Two crimes undid me: a poem and a mistake.- Ovid, 10
Arthur Koestler opened his polemic against capital punishment in Britain by saying that the island nation was that quaint and antique place where citizens drove on the left hand side of the road, drank warm beer, made a special eccentricity of the love of animals, and had felons “hanged by the neck until they are dead.” Those closing words—from the formula by which a capital sentence was ritually announced by a heavily bewigged judge—conveyed in their satisfyingly terminal tones much of the flavor and relish of the business of judicially inflicted death.
The last hanging in Britain occurred in 1964. Across the channel in France, the peine de mort was done away with by the Mitterrand administration in the early 1980s. So the two great historic homelands of theatrical capital punishment—conservative Britain with its “bloody code” and exemplary gibbetings described by Dickens and Thackeray, and Jacobin France with its humanely utilitarian instrument of swift justice for feudalism promoted by the good Doctor Guillotin—have both dispensed with the ultimate penalty. The reasoning was somewhat different in each case. In Britain there had been considerable queasiness as a consequence of a number of miscarriages of justice that had led to the hanging of the innocent. In France, in the memorable words of Mitterrand’s Minister of Justice, M. Robert Badinter, the scaffold had come to symbolize “a totalitarian concept of the relationship between the citizen and the state.”
Since then no country has been allowed to apply for membership or association with the European Union without, as a precondition, dismantling its apparatus of execution. This has led states like Turkey to forego what was once a sort of national staple. The United Nations condemns capital punishment—especially for those who have not yet reached adulthood—and the Vatican has come close to forbidding if not actually anathematizing the business. This leaves the United States of America as the only nation in what one might call the West, that does not just continue with the infliction of the death penalty but has in the recent past expanded its reach. More American states have restored it in theory and carried it out in practice, and the last time the Supreme Court heard argument on the question it was to determine whether capital punishment should be inflicted for a crime other than first-degree murder (the rape of a child being the suggested pretext for extension).
To be in the company of Iran and China and Sudan as a leader among states conducting execution—and to have pioneered the medicalized or euthanized form of it that is now added to the panoply of gassing, hanging, shooting, and electrocution and known as “lethal injection”—is to have invited the question why. Why is the United States so wedded to the infliction of the death penalty? I have heard a number of suggested answers: two in particular have some superficial plausibility. The first is an old connection between executions and racism, and the second is the relatively short distance in time that separates the modern U.S. from the days of frontier justice.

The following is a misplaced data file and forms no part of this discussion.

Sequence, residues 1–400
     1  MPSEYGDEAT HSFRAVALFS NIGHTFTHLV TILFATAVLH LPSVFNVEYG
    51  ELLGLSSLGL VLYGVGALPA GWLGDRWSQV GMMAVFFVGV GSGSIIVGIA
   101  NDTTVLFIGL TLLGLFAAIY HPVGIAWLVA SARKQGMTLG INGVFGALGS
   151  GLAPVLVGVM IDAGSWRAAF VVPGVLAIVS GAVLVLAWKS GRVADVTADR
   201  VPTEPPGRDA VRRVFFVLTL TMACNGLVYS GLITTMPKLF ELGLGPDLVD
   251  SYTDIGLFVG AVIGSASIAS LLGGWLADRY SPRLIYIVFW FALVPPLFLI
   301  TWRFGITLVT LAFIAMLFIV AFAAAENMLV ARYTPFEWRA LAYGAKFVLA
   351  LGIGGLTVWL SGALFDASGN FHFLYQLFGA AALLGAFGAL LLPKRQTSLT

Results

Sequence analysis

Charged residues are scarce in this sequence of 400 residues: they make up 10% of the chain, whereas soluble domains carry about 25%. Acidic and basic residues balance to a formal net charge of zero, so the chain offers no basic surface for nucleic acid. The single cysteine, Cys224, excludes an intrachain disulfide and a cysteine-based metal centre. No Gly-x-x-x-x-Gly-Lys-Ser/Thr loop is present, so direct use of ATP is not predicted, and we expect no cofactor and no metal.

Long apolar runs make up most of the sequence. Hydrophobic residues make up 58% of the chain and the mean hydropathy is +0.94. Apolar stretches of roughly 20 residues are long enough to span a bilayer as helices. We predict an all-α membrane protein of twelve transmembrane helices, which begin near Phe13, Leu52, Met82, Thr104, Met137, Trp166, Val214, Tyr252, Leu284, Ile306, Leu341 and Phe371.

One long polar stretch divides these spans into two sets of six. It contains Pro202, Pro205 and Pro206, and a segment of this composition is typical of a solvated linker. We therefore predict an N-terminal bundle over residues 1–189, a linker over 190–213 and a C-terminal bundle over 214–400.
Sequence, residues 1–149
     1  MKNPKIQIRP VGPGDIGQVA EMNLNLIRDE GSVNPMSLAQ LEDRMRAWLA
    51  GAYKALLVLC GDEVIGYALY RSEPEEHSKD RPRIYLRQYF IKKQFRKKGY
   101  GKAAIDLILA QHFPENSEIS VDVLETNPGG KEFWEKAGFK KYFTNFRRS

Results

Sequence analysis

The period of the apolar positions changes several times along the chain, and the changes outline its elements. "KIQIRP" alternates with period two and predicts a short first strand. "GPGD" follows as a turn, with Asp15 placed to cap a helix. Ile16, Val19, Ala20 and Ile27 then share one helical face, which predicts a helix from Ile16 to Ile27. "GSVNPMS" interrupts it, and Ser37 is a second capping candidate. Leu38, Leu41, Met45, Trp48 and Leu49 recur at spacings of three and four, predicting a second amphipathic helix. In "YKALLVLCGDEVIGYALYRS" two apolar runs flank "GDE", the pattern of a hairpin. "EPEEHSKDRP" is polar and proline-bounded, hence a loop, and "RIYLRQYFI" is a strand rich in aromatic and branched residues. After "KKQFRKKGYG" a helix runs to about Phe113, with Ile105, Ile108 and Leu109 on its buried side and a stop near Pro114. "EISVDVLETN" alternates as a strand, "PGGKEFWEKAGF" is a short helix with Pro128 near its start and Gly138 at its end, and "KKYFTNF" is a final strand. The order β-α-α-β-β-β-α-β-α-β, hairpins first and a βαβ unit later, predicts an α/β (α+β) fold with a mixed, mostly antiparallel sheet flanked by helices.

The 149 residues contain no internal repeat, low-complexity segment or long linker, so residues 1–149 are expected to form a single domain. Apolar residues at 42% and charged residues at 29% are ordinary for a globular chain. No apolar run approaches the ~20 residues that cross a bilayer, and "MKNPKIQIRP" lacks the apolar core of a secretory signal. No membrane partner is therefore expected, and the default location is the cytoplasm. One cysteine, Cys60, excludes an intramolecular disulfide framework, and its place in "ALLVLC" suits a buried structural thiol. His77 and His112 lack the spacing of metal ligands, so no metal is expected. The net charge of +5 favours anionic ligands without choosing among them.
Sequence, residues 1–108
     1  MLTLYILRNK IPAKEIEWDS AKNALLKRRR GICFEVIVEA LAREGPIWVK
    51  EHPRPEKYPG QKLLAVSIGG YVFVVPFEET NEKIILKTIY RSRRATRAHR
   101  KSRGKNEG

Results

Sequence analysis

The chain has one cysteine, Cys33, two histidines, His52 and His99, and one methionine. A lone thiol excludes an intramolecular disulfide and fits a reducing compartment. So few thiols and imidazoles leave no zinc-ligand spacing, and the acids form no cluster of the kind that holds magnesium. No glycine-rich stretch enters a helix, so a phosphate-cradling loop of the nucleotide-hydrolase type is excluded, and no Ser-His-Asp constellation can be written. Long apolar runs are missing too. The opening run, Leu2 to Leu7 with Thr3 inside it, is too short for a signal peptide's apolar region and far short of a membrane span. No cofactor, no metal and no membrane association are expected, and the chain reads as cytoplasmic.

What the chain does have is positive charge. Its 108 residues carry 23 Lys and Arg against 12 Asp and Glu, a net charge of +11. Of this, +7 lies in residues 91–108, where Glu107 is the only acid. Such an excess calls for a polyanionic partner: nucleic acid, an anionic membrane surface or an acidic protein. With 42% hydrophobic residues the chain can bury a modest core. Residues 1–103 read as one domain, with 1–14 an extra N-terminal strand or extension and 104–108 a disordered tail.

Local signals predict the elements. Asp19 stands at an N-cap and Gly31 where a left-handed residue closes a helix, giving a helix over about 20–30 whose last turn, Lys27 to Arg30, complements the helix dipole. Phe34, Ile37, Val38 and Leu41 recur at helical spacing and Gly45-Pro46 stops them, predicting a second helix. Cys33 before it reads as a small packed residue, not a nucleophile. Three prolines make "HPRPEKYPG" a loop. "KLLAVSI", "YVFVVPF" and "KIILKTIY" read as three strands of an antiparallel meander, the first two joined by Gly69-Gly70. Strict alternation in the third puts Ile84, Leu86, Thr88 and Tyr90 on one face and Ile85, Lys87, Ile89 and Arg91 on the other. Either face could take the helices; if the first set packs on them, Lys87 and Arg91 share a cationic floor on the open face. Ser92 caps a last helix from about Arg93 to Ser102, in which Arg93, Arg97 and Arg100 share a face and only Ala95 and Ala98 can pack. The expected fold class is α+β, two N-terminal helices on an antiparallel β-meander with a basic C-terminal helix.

The Damned Field, by Fyodor Andreevich Bronnikov, 1878. Tretyakov Gallery, Moscow, Russia.
Now it is true that you are very much more likely to be put to death by the state if you are a black person who has murdered a white person than you are if that condition is stated in reverse. Indeed, it was this disparity among others that led to the practice being suspended so widely for so long. And it is also true that the business of execution is carried on more enthusiastically and more systematically in the states of the former Confederacy. On both the occasions when I myself have visited death row, once in Mississippi and once in Missouri, the historic Dixie stench that surrounded the proceedings was absolutely unmistakable. Bill Clinton’s 1992 execution of the mentally disabled black man Ricky Ray Rector—at a strategic moment in the evolution of the red-faced governor of Arkansas into the trustworthy figure of an “electable” neoliberal— was the closest thing to a straight-out lynching that has been seen in the past generation. But traditional bigotries do not explain why the penalty has lately been restored in New York and California, and why a Federal execution “facility” has been built in Terre Haute, Indiana, birthplace of Eugene Debs (and used as a launching pad from which to kick the ultrawhite Timothy McVeigh off the planet).
Our historic proximity to the wild-and-woolly days of yore won’t quite elucidate the phenomenon either. Europe in the last few decades saw a very great deal more violence and chaos on its own soil than any American has ever had to witness on home turf, even at Antietam or in the Wilderness campaign; yet there isn’t a gallows left between Lisbon and the Urals. “Terrorism”—the gravamen of the charge against McVeigh and the excuse for Clinton’s post-Oklahoma City “Anti-Terrorism and Effective Death Penalty Act”—doesn’t quite cut it either. Israel is much more frequently and savagely hit by indiscriminate attacks on its civilians, and it does not have resort to the death penalty.